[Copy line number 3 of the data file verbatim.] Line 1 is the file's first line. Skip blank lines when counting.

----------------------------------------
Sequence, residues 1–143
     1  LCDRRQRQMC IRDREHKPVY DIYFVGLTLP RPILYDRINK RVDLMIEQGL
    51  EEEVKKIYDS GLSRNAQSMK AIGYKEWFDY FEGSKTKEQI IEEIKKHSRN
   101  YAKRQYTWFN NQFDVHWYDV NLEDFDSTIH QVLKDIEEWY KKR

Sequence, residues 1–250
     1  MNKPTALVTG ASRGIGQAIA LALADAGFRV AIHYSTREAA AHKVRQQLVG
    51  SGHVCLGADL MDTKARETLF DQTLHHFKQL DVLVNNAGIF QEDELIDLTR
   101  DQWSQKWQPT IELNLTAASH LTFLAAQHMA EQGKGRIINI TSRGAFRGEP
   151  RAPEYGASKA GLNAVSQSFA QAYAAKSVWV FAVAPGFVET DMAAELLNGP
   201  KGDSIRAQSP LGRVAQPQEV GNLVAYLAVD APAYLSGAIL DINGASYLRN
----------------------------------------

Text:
    51  EEEVKKIYDS GLSRNAQSMK AIGYKEWFDY FEGSKTKEQI IEEIKKHSRN